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Tackling Safety Concerns

Aug 13, 2013 11:00AM ● Published by tina

What Parents and Student Athletes Need to Know About Concussions

Sponsored by E-Care Emergency Centers

By Dr. Lance Burns, Medical Director E-Care Emergency Centers

Southlake parents are gearing kids up for the first day of school on Aug. 26, but in fact, Carroll ISD athletic activities are already in high gear. Volleyball and tennis matches are on the calendar, and the Carroll Dragons’ 7-on-7 flag football team captured the Division I state championship in July. Middle school football players pick up equipment on Aug. 22, and the first Dragons football game is set for Aug. 29.

As students prepare to go back to class, ongoing news coverage of professional football players suing the National Football League over long-term neurological damage after concussions has sparked concern from parents. A concussion — caused when a blow to the head shifts the brain within its skull — can lead to varying degrees of damage and impairment. The effects can be temporary or long lasting, but a concussion should never be ignored.

Southlake parents are aware of the danger of concussions for their teenagers but might not realize that even younger children are at risk. More than 70 percent of sports-related emergency room visits for traumatic brain injuries involved youth aged 10 to 19, but other reports show that 40 percent of kids with concussion are between 8 and 13 years old.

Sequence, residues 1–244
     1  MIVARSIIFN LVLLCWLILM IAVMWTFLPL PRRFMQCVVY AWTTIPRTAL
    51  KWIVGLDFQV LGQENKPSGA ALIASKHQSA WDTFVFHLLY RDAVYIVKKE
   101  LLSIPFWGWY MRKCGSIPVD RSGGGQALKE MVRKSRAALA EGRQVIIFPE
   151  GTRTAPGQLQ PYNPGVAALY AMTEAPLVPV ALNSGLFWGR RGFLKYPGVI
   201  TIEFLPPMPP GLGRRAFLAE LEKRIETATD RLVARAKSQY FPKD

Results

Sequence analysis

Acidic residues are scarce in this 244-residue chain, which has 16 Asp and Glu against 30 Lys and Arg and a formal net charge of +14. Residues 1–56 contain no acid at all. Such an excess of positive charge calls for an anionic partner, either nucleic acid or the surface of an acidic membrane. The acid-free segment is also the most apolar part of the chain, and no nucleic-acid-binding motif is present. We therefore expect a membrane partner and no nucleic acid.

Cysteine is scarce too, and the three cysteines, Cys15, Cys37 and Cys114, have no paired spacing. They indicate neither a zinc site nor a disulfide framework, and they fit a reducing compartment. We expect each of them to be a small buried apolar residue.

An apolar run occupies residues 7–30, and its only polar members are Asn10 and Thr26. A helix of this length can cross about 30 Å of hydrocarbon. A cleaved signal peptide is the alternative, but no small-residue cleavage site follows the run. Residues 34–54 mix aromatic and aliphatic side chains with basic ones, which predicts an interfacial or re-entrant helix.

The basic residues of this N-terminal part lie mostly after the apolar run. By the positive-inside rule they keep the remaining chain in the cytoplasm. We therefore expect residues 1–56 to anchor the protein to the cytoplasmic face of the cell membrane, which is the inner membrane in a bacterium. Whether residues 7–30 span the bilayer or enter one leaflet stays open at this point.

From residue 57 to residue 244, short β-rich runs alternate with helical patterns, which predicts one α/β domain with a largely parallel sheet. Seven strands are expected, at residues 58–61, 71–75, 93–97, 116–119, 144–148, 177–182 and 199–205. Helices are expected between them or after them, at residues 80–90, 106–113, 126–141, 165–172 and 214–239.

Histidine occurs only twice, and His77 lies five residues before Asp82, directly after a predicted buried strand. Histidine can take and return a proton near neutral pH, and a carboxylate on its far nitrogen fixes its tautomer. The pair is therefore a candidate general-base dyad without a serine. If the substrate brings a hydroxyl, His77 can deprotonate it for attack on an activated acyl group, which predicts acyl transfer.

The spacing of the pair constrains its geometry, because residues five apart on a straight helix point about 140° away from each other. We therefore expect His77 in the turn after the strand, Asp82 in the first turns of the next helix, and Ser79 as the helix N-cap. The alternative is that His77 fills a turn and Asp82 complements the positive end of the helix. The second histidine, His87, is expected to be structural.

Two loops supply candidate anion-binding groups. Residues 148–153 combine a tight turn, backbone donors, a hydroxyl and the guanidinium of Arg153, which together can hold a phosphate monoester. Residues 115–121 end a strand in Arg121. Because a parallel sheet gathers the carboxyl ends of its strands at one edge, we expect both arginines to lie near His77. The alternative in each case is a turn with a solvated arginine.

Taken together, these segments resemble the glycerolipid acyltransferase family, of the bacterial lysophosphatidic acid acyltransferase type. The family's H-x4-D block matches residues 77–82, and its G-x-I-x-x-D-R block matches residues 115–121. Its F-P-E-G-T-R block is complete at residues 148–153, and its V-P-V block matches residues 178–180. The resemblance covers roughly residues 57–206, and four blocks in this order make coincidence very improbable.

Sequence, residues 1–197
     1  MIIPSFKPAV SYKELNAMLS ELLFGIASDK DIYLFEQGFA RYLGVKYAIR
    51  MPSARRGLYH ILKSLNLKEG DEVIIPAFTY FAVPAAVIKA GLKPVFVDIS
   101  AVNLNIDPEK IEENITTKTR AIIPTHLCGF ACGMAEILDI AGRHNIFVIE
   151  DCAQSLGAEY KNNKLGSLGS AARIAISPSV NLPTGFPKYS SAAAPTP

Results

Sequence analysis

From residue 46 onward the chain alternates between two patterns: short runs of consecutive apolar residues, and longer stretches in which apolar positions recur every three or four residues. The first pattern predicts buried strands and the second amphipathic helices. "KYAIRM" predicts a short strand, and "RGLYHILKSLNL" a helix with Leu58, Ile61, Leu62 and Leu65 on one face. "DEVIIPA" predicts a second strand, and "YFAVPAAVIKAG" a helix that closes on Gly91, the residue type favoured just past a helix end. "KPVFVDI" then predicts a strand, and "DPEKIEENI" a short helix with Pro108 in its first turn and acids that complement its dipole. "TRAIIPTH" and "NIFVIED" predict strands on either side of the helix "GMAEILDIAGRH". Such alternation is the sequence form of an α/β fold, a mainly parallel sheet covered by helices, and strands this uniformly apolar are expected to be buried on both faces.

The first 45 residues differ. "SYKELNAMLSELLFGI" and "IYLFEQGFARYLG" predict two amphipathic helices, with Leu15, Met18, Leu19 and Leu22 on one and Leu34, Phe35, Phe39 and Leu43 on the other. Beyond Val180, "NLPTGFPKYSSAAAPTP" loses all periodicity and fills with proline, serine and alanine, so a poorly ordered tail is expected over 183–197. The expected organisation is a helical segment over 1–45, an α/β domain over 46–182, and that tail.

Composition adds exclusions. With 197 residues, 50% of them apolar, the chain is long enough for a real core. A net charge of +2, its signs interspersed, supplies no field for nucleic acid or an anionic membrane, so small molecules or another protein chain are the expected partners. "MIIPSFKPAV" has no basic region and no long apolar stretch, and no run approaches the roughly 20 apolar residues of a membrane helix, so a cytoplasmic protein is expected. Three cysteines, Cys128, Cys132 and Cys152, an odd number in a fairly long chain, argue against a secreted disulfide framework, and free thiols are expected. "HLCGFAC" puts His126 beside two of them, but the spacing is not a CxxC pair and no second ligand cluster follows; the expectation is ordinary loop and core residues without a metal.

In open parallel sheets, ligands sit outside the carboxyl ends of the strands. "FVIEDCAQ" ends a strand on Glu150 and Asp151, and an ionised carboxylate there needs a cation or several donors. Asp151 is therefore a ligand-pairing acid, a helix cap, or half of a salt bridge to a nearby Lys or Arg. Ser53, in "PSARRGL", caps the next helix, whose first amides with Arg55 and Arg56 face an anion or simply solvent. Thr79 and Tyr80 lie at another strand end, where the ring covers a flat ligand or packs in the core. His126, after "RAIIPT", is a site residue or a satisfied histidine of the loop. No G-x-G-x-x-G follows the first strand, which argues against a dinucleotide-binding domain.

Even more troubling for parents is the increased danger of reinjury. After a person suffers a concussion, the chances of a second one are three to six times greater than before. Doctors also reported that 90 percent of repeat concussions happened in the 10 days immediately following the earlier injury. 

Education is Key to Prevention

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To protect Southlake student athletes, medical experts say education about concussions is key. Parents and coaches should strive to teach preventative tactics on the field, choose the best protective gear, evaluate the student’s physical condition and promptly send injured players for medical diagnosis and treatment.

At E-Care Emergency Centers, with locations in North Richland Hills, Frisco and McKinney, physicians are well-prepared to deal with possible concussions along with other sports injuries. On-site CT scans can evaluate for brain bruising, bleeding, swelling or skull fractures. E-Care doctors also perform detailed neurologic evaluations and refer to concussion specialists if warranted. Bear in mind, a clear CT or MRI scan does not mean a concussion can be ruled out.